The San Antonio City Council approved a measure that banned Chick-fil-A its airport

By Helen Murphy
March 23, 2019 04:21 PM
Chick-fil-A
Metairie, Louisiana Chick-fil-A restaurant. The Chick-fil-A chain's owner started a controversy over gay rights when he made public statements against gay marriage. (Photo by Julie Dermansky/Corbis via Getty Images)

The San Antonio City Council voted to ban Chick-fil-A from the city’s airport due to the company’s anti-LGBTQ history.

On Thursday, the council approved a seven-year contract with Paradies Lagardère to open new restaurants in the San Antonio International Airport’s Terminal A, including Smoke Shack and Boss Bagels and Coffee, according to local station KTSA.

The agreement initially included a Chick-fil-A, but the council voted 6-4 that they would approve the contract “provided that [Paradies Lagardère] exclude the Chick-fil-A concept,” according to the council’s website.

“With this decision, the City Council reaffirmed the work our city has done to become a champion of equality and inclusion,” Councilman Roberto Treviño said in a statement after the vote. “San Antonio is a city full of compassion, and we do not have room in our public facilities for a business with a legacy of anti-LGBTQ behavior.”

In a statement obtained by PEOPLE on Saturday, Chick-fil-A said: “The press release issued by the council member was the first we heard of his motion and its approval by the San Antonio City Council. We wish we had the opportunity to clarify misperceptions about our company prior to the vote. We agree with the council member that everyone should feel welcome at Chick-fil-A.” The company added that Chick-fil-A “embraces all people, regardless of race, gender, ethnicity, sexual orientation or gender identity.”

RELATED: Chick-fil-A Donated $1.6 Million to Group That Bans ‘Homosexual Acts’ Among Employees: Report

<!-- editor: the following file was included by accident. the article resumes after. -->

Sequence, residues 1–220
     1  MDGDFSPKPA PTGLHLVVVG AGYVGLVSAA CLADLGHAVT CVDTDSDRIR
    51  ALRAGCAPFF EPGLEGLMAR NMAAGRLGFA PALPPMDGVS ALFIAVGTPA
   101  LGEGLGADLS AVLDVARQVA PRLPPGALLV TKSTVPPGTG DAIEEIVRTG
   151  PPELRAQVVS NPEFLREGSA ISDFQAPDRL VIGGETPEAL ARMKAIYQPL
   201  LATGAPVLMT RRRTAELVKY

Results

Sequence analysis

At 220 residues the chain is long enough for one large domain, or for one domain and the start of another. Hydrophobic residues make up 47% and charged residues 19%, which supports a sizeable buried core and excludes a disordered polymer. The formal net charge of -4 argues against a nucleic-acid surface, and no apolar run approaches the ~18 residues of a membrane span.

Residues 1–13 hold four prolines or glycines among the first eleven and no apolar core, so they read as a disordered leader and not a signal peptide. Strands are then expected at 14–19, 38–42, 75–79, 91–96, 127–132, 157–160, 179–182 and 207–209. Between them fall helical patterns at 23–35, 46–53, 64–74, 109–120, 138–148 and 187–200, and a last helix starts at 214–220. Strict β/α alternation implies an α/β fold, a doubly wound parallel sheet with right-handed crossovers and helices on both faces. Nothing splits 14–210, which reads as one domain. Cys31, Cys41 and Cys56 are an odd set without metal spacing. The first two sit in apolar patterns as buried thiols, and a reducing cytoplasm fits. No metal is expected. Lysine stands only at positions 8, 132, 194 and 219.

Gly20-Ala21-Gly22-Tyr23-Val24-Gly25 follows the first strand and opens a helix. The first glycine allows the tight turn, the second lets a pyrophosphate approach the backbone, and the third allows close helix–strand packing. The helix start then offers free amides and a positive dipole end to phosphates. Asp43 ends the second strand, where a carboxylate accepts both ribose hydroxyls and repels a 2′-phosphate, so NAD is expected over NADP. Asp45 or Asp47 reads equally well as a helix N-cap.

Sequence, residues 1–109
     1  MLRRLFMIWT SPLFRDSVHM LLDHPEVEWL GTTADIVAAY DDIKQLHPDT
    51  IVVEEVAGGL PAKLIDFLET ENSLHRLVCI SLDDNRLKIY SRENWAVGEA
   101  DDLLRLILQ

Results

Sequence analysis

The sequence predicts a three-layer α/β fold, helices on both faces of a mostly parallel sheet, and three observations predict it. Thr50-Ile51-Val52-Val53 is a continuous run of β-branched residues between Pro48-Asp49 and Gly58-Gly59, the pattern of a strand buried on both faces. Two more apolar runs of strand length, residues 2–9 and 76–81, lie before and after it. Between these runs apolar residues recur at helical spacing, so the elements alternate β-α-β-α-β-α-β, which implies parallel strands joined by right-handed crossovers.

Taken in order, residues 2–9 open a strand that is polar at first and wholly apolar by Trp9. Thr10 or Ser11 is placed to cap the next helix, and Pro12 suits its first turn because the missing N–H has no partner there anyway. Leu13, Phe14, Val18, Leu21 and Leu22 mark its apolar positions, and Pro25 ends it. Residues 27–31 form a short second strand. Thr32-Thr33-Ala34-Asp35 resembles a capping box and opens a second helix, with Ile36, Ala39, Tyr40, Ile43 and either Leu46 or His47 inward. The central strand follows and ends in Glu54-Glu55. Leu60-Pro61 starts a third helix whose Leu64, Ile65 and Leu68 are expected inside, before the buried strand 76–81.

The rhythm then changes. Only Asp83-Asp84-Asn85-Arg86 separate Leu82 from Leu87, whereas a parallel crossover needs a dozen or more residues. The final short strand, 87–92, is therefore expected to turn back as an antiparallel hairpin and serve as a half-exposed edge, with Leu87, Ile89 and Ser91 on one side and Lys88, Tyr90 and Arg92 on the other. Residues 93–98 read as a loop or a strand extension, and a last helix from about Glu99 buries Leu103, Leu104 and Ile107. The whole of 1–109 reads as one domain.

The move comes after renewed scrutiny of the fast food company. On Wednesday, ThinkProgress published a report alleging that, in 2017, the Chick-fil-A Foundation donated to groups with an alleged history of anti-LGBTQ discrimination.

According to tax documents obtained by the outlet, the foundation donated $1,653,416 to the Fellowship of Christian Athletes and $6,000 to the Paul Anderson Youth Home.

The Fellowship of Christian Athletes requires a “sexual purity” policy for its employees, according to its job application, which states: “The Bible is clear in teaching on sexual sin including sex outside of marriage and homosexual acts. Neither heterosexual sex outside of marriage nor any homosexual act constitute an alternative lifestyle acceptable to God.”

Meanwhile, the Paul Anderson Youth Home allegedly “teaches boys that homosexuality is wrong and that same-sex marriage is ‘rage against Jesus Christ and His values,’” ThinkProgress reports.

PEOPLE reached out to the Fellowship of Christian Athletes and the Paul Anderson Youth Home; neither immediately responded to a request for comment.

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On Thursday, the Chick-fil-A Foundation released a statement appearing to respond to the ThinkProgress report, in which they asserted that they “do not have a political or social agenda.”

“Our intention both at the corporate and restaurant level is to have a positive influence on our communities by donating to programs that benefit youth and education and are welcoming to all,” said Rodney Bullard, the Chick-fil-A vice president of corporate social responsibility and the executive director of the Chick-fil-A Foundation. “We are proud of the impact we’ve been able to make so far, and we have a lot yet to do.”

The statement continued, “We have no policy of discrimination against any group. We do not have a political or social agenda and more than 120,000 people from different backgrounds and beliefs represent the Chick-fil-A brand.”

RELATED: Runaway Cow Weaves Through Traffic to Get to Chick-fil-A

In their statement, the foundation did not deny that they had donated to the groups mentioned in the ThinkProgress report, but the statement also did not reference the groups’ alleged history of anti-LGBTQ behavior. The foundation added that, as of June 2017, they “no longer support” the Paul Anderson Youth Home. The Chick-fil-A Foundation did not respond to PEOPLE’s request for additional comment.

As reported by Vox, Chick-fil-A CEO Dan Cathy said in 2012 that the United States was “inviting God’s judgment on our nation when we shake our fist at him and we say we know better than you as to what constitutes a marriage.”

In response to the negative backlash that Cathy’s comments stoked, the company posted on Facebook that it would focus on chicken and “leave the policy debate over same-sex marriage to the government and political arena.”

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